Case study 5: Innovative teaching in the shadow of fear


Jeremy, a lecturer in anthropology at a large Australian university, teaches an undergraduate methods unit where over 100 students each year conduct an ethnographic field research project.  His university has a process for teachers who want to get ethics approval for an entire classroom of students to conduct a research project.  They have a separate ethics application form for student research as part of the teaching curriculum, and this form is, he says, “radically different” than the regular ethics application form for researchers.  Among other things, it’s shorter and “less onerous”.  In it, he explains why his is “suitable to monitor all those projects,” highlighting his ethnographic research experience and the length of time he’s taught this class.


He obtains “umbrella” approval for the entire classroom, which has to be renewed every three years. The projects are narrowly defined to avoid working with vulnerable or dangerous populations: children, for example, or people engaged in illegal activity.  Before students start their projects, the first weeks of class are spent talking about research ethics, focusing particularly on confidentiality, security of data, privacy and vulnerability.


After receiving ethics approval for the entire class project, Jeremy and the tutors for his unit become, in essence, the proxy reviewer for student research project.  “Some students are fairly cavalier about risk taking,” he notes, “and there is quite a lot of monitoring of student projects that happen in this process.”  Students themselves do not fill out forms.  Instead, they submit to him a research proposal, spelling out their methodology, arguing for the significance of the subject and the procedures they plan to use to study it. 


“I don’t make them address a particular ethics form itself.  I just want them to describe the process as fully and as accurately as they can. Then myself or the tutor can look at it and say ‘Hey, red-flag on this one, that’s a vulnerable population,’ or, ‘That student’s a bit immature to be doing this.’  I try and get them to give me a good description of their project so then I can talk to them about what’s good about it and what might be problematic in relation to the constraints we have about ethics.”


He avoids having students fill out forms in part because he wants to encourage a substantive engagement with ethical thinking rather than focusing on “arse-covering” and risk liability.  When research students fill out the regular ethics form, he says they often come to him for help in “anti-bureaucratic survival measures”.  He helps them develop pat responses that don’t actually serve to address ethical issues, but rather to appease imagined committee objections.  “Some of the language is about minimising bureaucratic concerns, minimising overly eager risk concerns and making ethnography seem more formal and controlled than it really is in practice.”


While Jeremy supervises a huge number of independent undergraduate research projects every year, he says he’s never seen a case where student research was unethical or placed participants at risk.  He says it comes down to
“...peers and mentoring. They come out of a research culture that values faithful and ethical engagement with others.… You want to turn out graduates who are politically astute and ethically astute and who will think about projects in a way that are unproblematic to begin with. That’s why we put a lot of work into this stuff in our undergraduate methods. Good research can sometimes be risky, but there are ways to make risky research ethical, if you have a care for the rights and responsibilities that go with being a researcher.”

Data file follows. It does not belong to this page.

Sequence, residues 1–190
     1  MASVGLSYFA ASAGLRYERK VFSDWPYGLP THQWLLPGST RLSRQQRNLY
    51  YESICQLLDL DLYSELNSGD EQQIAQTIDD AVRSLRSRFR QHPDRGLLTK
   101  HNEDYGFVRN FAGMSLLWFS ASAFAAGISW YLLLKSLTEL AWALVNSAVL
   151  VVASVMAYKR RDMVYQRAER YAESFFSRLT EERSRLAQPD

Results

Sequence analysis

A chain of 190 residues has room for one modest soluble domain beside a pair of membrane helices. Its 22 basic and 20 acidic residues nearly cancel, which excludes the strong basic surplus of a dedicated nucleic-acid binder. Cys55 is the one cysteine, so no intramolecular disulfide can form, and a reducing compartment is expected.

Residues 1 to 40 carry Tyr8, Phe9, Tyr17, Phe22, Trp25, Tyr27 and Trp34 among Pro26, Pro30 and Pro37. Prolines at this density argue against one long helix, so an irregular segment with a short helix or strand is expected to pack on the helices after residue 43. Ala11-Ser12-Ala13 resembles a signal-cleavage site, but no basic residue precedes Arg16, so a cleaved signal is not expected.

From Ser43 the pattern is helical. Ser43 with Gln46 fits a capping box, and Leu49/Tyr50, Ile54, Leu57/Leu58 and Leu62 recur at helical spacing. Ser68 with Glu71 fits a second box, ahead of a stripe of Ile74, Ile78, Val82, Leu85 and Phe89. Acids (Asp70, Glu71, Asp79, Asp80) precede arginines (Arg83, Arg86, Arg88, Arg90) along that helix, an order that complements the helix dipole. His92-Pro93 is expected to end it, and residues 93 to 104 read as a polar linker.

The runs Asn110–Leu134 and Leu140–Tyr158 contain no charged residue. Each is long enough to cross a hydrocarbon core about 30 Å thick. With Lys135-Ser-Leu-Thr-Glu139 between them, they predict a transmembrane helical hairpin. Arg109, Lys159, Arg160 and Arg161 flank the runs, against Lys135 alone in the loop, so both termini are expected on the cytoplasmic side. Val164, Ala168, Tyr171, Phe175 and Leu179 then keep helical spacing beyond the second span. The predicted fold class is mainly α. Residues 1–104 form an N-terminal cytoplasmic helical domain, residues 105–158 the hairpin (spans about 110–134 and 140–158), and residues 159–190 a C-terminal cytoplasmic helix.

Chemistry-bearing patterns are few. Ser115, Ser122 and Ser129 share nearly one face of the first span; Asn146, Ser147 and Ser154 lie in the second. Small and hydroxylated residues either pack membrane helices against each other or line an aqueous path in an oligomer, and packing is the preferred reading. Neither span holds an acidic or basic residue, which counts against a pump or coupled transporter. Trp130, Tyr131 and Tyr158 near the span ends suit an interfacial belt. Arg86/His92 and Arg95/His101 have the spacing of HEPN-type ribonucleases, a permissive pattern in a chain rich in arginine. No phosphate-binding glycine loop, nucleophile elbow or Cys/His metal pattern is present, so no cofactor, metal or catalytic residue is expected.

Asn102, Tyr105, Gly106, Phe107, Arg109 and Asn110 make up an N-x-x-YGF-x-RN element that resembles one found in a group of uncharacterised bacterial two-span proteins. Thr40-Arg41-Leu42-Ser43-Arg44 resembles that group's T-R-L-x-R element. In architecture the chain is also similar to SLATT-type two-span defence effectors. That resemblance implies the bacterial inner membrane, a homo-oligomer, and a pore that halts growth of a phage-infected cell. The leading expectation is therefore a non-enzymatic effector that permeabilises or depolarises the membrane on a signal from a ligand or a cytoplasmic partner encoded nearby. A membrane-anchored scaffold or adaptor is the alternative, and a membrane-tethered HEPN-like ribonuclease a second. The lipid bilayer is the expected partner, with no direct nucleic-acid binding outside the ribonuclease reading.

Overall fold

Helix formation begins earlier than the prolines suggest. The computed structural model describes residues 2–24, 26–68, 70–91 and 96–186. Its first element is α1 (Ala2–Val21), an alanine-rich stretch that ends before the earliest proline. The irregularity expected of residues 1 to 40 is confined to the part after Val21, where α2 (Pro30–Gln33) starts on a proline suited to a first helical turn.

In fact, while his research guidelines generally constrict the types of projects students can do in order to minimise risk, he has occasionally allowed certain students to engage in riskier projects.  Some students, for example, have done projects working with teens in high schools where they used to attend and where they have good relationships with the high school principals who allow the research to take place there.  Another student did a research project with street people, a population which usually would be regarded as risky to research: “a small community of people who are regular alcohol and drug abusers and quite violent. But she had an in with those people. She knew them and she was a mature student. I thought, ‘I wouldn’t let a nineteen year-old do this, but okay.’”  When I asked Jeremy if the research project worked out, he said, “It did.  It was fine.”


By all indications, Jeremy’s methods class is exemplary.  A large number of undergraduate students are engaging in original research projects and in the process, learning about ethnographic research and thinking deeply about research ethics and reciprocity.  He describes extraordinary levels of student enthusiasm.  Yet even though Jeremy supervises these project with the approval of his ethics committee, he lives in fear that the university will eventually shut down the student research.  Even though I observed that his was a best-practice model, the very type of project that I aimed to highlight and publicise for others to emulate, he was reluctant to let me use his real name and university, for fear of backlash. 


“I’m hoping it’s not one of those things that people just haven’t noticed. You know when you have a good thing and bureaucrats notice them? Then they go, ‘You can’t do that.’ I don’t think it is that. I think for once somebody came up with a good idea.  I just don’t want to draw attention to something that may see now as an open risk. The risk assessment office... they would probably want to see some more formal documentation of the risk assessment I take on every single bloody project, which would kill the subject.”


Read a summary of the project's research findings

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